It’s hard to know exactly how to react to this. As I understand it, Rao’s affiliation was not disclosed at the time of his election to the position in December of 2003. I learned of it in February.

Nesmith was originally nominated for the editorial board at the Feb. 7 meeting of the managing board, at which he was not present. His affiliation was disclosed, and the managing board chose to postpone his election until March so they could discuss the issue with him.

I am concerned about the potential conflicts of interest, both when I evaluate each person individually, as well as when I evaluate them together. I may have more thoughts to offer on this subject in the future, but I wanted to get the word out, since the editors of the paper have not seen fit to provide this information otherwise.

You print it, you fix it...or not?

I’m upset with The Tech’s news department over the handling of errata. Perhaps you recall the lead article from the first issue of term, “UA Completes Under Half of Fall Projects” [Feb. 3]? In my research for my Feb. 13 column that mentioned that article, I concluded that at least three of the goals in the table from that article were misclassified. One of those was acknowledged in an erratum published Feb. 13 (“coffeehouse re-introduction”), however two others (“Nominations committee” and “Public Relations committee”) have not been acknowledged. I’ve asked the News department repeatedly to address these, both in e-mail and in person, as early as Feb. 12 and as recently as March 29.

Finally, News and Features Director Beckett W. Sterner told me, “I’m not interested in putting in the effort to resolve the issue of the two or three goals that had unclear status at the end of the article. I believe it would take too large of an effort compared to the relatively minor nature of the affair.”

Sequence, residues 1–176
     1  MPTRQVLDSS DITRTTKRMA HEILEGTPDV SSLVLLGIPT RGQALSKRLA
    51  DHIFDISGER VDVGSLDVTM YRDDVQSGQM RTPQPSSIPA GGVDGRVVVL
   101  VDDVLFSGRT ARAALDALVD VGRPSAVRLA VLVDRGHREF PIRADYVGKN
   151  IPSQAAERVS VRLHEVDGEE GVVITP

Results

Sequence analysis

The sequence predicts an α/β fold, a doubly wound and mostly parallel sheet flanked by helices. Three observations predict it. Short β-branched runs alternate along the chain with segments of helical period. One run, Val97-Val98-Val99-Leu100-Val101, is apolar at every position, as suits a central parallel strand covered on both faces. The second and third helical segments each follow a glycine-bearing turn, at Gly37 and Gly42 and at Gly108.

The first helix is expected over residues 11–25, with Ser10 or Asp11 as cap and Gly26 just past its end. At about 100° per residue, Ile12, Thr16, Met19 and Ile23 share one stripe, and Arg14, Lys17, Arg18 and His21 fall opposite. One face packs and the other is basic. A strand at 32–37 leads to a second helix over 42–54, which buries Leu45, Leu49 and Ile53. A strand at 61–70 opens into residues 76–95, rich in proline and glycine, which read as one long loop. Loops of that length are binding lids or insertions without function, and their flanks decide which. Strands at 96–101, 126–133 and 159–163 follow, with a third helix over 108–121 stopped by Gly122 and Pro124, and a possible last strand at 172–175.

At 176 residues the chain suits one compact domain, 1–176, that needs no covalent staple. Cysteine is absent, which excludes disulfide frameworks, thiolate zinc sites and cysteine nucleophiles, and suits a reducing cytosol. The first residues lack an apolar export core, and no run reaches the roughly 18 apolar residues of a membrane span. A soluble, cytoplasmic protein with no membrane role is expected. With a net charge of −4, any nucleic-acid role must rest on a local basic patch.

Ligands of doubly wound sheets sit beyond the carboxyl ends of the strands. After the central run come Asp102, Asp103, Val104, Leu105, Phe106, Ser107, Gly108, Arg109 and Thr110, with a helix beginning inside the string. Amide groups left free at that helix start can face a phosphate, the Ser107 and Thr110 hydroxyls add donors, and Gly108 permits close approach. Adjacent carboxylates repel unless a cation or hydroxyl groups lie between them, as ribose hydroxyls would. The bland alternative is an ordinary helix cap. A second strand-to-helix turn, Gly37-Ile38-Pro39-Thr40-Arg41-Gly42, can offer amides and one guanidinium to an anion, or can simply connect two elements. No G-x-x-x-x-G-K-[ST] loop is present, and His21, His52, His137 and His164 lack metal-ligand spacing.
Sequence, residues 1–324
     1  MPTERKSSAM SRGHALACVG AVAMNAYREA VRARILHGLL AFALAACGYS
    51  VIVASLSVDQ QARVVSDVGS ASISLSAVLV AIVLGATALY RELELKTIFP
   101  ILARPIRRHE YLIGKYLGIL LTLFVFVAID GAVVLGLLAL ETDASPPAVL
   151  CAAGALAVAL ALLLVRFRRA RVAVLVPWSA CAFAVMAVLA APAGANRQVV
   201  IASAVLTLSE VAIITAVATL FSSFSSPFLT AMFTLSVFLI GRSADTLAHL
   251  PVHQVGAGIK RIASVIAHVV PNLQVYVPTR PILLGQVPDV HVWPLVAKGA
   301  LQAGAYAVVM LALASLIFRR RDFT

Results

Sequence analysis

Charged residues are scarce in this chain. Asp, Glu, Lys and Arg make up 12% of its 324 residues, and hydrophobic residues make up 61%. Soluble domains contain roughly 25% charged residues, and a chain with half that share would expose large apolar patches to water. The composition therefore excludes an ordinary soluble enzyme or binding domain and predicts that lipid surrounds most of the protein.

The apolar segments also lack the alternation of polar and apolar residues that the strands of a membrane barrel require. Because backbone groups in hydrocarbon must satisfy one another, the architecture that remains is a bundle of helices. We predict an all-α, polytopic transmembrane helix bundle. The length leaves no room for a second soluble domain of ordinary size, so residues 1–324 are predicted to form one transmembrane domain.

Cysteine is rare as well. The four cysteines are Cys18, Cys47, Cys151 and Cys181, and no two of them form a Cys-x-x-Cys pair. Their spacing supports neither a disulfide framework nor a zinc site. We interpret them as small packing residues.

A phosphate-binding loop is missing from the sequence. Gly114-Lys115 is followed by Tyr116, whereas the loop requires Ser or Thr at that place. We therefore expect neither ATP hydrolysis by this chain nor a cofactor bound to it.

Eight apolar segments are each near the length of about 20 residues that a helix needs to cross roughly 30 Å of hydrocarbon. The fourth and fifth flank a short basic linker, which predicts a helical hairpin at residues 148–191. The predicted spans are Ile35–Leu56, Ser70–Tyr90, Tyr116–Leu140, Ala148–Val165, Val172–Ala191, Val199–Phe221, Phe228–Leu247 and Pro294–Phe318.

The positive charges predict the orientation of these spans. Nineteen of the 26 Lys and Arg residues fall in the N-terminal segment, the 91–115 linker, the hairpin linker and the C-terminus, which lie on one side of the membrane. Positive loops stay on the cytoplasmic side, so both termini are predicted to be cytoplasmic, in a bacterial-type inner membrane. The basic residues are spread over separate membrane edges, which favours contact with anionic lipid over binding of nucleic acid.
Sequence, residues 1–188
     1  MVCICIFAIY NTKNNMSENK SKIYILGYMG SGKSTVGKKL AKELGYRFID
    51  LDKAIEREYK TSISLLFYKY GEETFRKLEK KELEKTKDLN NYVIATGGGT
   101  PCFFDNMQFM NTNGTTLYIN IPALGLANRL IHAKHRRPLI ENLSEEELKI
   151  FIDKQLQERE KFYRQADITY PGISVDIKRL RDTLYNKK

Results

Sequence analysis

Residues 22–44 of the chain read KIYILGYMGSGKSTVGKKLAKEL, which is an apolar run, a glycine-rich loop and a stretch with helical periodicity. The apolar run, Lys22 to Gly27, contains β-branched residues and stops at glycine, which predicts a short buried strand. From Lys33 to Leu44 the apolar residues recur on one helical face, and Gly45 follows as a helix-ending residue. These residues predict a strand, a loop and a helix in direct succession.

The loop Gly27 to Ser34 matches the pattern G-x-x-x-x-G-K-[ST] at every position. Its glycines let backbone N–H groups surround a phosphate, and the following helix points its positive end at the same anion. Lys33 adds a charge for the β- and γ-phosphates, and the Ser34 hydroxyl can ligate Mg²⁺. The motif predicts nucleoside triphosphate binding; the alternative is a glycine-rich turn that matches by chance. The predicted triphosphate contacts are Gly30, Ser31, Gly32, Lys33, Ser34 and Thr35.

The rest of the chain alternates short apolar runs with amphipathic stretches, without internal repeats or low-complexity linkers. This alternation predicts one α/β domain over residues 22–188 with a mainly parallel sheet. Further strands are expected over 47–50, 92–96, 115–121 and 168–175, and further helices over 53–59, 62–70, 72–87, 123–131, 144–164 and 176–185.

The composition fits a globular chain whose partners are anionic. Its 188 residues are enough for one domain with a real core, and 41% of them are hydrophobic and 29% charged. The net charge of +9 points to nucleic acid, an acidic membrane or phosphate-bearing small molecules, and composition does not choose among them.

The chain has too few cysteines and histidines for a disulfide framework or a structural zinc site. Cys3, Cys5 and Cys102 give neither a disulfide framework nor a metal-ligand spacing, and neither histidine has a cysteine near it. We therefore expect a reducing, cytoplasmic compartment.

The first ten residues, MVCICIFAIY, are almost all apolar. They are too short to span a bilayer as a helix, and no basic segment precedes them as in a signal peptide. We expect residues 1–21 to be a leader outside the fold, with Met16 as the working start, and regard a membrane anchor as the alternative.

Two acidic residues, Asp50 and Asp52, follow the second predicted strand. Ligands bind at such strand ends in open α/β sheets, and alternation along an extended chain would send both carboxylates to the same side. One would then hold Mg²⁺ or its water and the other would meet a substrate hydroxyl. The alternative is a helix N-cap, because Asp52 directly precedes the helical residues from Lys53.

Wow. That attitude is really shocking to me. It’s not as if the news department is being asked to go and fact-check everything published in that story. They were given pretty clear information, both from me and from the “UA Q&A” column published on Feb. 10. Worse, that column was accompanied by an italicized editor’s note: “The Tech is currently discussing with the UA the nature of the discrepancies and will publish errata should the article prove to include inaccuracies.”

It’s grievous enough to decline to affirm the fact of errors for which there seem to be no doubt, but it is truly egregious to promise (in print!) to publish errata, and then to fail to do so! I don’t understand what Sterner can be thinking.

In a subsequent e-mail message, Sterner clarifies that this “should not be construed as a blanket statement that I do not follow up on errors in the articles. I think that’s clear in general, evidenced by the errata we have run, and most recently by my response to the Putnam article,” referring to the March 30 errata regarding “MIT Takes First Place at Putnam Math Test” [March 19]. I’m at a loss to reconcile these positions.

The Tech’s Ombudsman welcomes your feedback, to His opinions are his own.